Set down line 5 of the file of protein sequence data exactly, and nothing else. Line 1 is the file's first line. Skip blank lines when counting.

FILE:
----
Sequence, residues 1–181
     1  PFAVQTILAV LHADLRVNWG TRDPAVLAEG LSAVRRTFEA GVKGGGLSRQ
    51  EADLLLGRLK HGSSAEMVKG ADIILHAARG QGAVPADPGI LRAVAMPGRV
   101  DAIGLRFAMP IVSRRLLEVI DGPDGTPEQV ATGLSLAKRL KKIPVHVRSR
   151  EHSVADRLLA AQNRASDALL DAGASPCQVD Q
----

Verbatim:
   151  EHSVADRLLA AQNRASDALL DAGASPCQVD Q